WE in the News
We’re going to see a seismic shift in the smart home category over the next few years. Having a smart product that doesn’t integrate isn’t going to cut it.
We’ve been home from Vegas a while now, and all anybody can talk about is smart home. The gadgets were cool (sleep sensors! smart lighting panels! IoT-enabled toilet seats!), but what really had me excited was the promise of what’s to come. This CES felt like a tipping point for the smart home category. As brands weave AI, IoT and automation deeper into the fabric of their technology, they’re breaking boundaries and opening up whole new opportunities. This category is becoming less about the smart home and more about the smart life.
Google, Amazon and Samsung are leading this paradigm shift from a market where devices are discrete and fragmented to one where everything is connected to everything and compatible with everything, from tech that solves a single problem to products that work together to help you live your best life, just like Oprah would want.
The most obvious activation of this idea is the voice assistant, and Google owned the awareness factor at CES. They were literally everywhere: Google leadership on every panel, banners at every third-party booth assuring viewers that their products partner with Google Home, and of course the giant gumball machines around the show and the three-story playground parked in front of the convention center, all focused on showing people how easy and fun it is to use Google Assistant.
And with their Google Home products, the tech giant is building an ecosystem to rival the arguable leader in the space, Amazon Alexa. Google is integrating with more third-party apps and connecting to more third-party products, too, and they’re doing much of it through voice.
“Voice is so powerful because it makes things so much easier to use and reduces friction,” said Chris Turkstra, Director of Product Management for the Google Assistant, during the “Homes of the Future: Tech Smart” panel. “Half of the queries we get on Google Assistant are around media — play Rihanna, play this podcast. It takes an average of seven taps to do this without voice; we're taking that away with [Google] Assistant.”
But smart life is about more than just yelling “Alexa, play ‘Umbrella,’” into your empty apartment. Not only do consumers expect to hear the song they want to hear when they want to hear it, they also expect that their smart devices anticipate what they’re doing and play songs accordingly — we don’t even want to have to tell our devices what to do, we just want it to happen. As more traditional home brands jump into the smart life, we’re getting a step closer to a world where I wake up in the morning, walk up to my Kohler smart mirror and my Morning Rise playlist automatically starts because my mirror is connected to my Google Home. Oh, and then my Whirlpool oven preheats so I can make my morning frittata. And then the heated seats in my Ford kick in so my car is nice and toasty when I’m ready to drive to work. That’s the kind of morning I want to experience one day.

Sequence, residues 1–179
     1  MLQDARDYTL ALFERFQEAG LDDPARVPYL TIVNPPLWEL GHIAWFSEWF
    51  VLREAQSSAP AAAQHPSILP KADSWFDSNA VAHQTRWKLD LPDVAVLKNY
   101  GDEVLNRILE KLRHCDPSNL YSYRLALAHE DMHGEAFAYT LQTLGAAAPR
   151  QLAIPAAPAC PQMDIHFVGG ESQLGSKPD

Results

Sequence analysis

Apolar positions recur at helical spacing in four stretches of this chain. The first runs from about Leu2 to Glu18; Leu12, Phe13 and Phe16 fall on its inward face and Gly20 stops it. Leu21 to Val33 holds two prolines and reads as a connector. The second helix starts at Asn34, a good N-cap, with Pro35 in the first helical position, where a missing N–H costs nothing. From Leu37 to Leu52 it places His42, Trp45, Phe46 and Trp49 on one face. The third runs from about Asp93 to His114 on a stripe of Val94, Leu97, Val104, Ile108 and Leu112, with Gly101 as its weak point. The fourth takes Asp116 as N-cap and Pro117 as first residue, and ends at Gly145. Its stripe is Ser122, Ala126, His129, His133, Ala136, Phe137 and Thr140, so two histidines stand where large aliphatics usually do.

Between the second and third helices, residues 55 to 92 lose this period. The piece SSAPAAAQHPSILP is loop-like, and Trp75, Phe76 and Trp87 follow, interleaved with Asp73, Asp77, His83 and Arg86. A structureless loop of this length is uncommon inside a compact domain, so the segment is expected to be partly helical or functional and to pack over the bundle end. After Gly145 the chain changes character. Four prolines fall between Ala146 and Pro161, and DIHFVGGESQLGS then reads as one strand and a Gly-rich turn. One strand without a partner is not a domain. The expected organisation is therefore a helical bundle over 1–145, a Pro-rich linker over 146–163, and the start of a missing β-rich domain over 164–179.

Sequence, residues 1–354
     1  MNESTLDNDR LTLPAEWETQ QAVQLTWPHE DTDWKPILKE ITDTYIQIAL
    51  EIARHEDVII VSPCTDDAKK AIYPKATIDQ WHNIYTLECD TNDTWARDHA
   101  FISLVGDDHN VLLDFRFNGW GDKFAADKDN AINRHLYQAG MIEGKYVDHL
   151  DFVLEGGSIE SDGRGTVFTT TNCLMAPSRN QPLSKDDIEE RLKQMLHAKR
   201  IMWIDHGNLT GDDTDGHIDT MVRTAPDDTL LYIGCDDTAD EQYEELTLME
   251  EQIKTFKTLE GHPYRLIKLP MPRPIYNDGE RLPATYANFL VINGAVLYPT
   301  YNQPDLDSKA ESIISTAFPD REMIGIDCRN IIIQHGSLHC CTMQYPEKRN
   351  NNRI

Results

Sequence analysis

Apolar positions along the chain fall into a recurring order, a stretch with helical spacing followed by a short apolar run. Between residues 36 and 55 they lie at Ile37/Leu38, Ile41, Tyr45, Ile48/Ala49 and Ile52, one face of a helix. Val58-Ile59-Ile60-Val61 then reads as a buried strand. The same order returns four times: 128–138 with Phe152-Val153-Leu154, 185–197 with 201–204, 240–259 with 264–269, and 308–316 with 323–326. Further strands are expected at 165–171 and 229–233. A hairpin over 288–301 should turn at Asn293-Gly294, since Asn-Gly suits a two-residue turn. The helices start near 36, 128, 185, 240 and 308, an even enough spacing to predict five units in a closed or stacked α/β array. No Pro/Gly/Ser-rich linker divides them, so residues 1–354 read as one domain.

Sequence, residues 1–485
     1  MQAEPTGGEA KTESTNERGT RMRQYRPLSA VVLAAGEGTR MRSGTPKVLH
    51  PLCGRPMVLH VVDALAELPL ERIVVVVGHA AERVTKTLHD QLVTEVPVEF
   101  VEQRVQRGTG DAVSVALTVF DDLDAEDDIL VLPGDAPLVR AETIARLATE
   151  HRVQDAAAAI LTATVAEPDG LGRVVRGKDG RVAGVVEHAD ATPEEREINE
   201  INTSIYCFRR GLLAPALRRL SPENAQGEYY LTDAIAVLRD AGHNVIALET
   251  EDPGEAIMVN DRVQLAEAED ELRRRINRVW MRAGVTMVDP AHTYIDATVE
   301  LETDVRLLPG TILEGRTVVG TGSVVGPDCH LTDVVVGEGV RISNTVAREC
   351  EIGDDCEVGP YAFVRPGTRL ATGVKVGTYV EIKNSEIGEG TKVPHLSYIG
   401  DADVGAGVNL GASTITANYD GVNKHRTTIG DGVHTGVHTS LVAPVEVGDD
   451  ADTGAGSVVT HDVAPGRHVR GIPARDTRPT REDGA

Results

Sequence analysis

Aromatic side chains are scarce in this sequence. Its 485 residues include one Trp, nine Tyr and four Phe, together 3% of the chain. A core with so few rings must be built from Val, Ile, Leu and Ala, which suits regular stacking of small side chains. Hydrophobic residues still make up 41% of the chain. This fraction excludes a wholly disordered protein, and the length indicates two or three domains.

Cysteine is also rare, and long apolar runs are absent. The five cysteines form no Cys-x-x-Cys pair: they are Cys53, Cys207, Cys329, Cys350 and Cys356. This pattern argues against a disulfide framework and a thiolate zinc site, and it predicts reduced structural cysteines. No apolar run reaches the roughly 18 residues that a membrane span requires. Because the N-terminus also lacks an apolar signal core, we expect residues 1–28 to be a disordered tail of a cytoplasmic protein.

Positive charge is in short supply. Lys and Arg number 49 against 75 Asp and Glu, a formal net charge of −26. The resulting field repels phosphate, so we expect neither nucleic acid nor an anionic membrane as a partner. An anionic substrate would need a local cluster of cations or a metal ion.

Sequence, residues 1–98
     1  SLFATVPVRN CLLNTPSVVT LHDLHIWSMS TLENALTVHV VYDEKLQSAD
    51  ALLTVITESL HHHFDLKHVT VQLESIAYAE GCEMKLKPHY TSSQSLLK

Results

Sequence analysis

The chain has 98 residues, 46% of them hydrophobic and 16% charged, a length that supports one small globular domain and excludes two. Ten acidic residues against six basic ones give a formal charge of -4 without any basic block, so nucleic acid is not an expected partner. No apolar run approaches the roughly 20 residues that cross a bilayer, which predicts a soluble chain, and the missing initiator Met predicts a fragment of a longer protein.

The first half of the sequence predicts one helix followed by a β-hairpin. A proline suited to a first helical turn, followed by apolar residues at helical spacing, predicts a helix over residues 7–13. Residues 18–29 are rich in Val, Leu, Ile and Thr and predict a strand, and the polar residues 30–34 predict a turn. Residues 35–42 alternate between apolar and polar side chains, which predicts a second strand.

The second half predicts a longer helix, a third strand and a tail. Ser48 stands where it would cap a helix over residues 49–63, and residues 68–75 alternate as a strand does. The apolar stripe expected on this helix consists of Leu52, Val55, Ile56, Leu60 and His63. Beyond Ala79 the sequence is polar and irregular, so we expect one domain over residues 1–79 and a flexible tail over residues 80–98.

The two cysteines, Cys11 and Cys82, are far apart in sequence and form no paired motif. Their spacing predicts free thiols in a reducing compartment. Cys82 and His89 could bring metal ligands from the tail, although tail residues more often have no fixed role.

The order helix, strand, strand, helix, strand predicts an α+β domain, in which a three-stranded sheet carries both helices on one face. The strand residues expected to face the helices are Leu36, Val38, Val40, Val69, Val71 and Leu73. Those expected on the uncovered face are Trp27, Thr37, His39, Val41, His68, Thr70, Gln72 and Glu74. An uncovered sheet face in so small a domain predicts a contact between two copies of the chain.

So what are the keys to make my ideal morning a reality? Simplicity and connection. Companies that were once competitors are turning into collaborators in the ongoing attempt to not only solve real problems together, but do it in an automated way. This requires devices running on wildly different platforms to communicate with one another. Smart home brands have an interesting challenge in front of them: build technology that’s incredibly complex in order to achieve outcomes for consumers that are incredibly simple. One audience segment in particular is driving how brands think about features, benefits and marketing: women.
In WE Communications’ Brands in Motion survey, we found that women are consistently more excited about smart home technologies than men, see smart home devices as more innovative, and are more likely to purchase one in the next year. The dream of a fully automated morning routine that saves me time is a powerful thing. But that study also found that the very same group of women wouldn’t miss smart home brands if they were to disappear today. That’s a huge gap companies have to bridge — women are excited for the smart life and they’re sold on vision, but they don’t see a need for these devices right now.
How can brands keep consumers from dumping them? Integrating AI and machine learning and designing for compatibility — even when that compatibility is across brand lines — are crucial steps, but as companies continue to develop this technology, they also must double down on the end benefits right now. Show me how this is going to make my life easier right now! Kara Alexander, Senior Global Product Manager at WeMo, put it really well during the Smart Home Tech and the Fully Integrated Life panel (in which yours truly also participated):
“If you look at the landscape right now, we are in a very ‘do’ state — we are giving commands to devices to do something, and that’s really the extent of the solution we’re providing to the end consumer. Future smart home [products] can predict, can assess, can learn with you, and can help you make some of these choices, help take off some of the load that we all have as women.”
We’re going to see a seismic shift in the smart home category over the next few years. Having a smart product that doesn’t integrate isn’t going to cut it. Consumers will expect everything — from treadmills to toothbrushes to voice assistants to cars — to communicate seamlessly with each other and work hard so we don’t have to. Because if technology doesn’t help us live our best life, what’s the point?
By Marisa Lalli, Vice President, Consumer Sector, WE Communications